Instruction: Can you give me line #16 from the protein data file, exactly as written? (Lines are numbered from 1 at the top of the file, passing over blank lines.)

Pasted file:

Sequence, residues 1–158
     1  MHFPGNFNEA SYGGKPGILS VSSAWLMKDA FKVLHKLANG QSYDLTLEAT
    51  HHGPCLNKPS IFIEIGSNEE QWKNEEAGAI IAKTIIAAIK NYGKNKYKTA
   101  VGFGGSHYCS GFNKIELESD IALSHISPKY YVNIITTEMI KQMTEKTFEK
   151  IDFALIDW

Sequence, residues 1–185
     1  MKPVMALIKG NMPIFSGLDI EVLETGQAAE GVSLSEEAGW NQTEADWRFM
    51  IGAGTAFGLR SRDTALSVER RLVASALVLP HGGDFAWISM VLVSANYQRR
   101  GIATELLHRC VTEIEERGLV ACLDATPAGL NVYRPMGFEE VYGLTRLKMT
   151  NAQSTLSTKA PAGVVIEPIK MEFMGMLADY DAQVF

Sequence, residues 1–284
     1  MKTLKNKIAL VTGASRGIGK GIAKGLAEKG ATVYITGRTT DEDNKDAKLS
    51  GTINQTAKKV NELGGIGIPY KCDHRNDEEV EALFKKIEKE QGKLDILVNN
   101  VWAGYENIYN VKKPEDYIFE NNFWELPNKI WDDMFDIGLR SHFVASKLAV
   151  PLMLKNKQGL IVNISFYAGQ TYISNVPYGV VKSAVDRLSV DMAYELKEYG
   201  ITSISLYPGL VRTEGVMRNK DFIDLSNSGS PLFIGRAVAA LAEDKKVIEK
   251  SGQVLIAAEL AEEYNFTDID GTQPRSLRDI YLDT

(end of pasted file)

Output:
   201  ITSISLYPGL VRTEGVMRNK DFIDLSNSGS PLFIGRAVAA LAEDKKVIEK